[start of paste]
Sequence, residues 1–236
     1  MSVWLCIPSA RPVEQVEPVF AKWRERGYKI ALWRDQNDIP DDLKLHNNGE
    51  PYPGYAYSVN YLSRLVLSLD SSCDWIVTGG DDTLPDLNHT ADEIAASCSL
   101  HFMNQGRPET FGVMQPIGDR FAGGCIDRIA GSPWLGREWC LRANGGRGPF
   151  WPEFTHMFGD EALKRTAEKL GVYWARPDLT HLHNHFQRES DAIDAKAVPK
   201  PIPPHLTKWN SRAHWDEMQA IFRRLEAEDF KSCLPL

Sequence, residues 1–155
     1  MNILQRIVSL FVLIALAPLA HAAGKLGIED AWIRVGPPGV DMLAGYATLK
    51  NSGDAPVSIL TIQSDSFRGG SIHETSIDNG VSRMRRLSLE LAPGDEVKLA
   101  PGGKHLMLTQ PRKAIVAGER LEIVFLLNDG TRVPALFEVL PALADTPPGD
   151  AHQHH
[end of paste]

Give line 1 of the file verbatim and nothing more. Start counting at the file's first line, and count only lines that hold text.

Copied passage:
Sequence, residues 1–236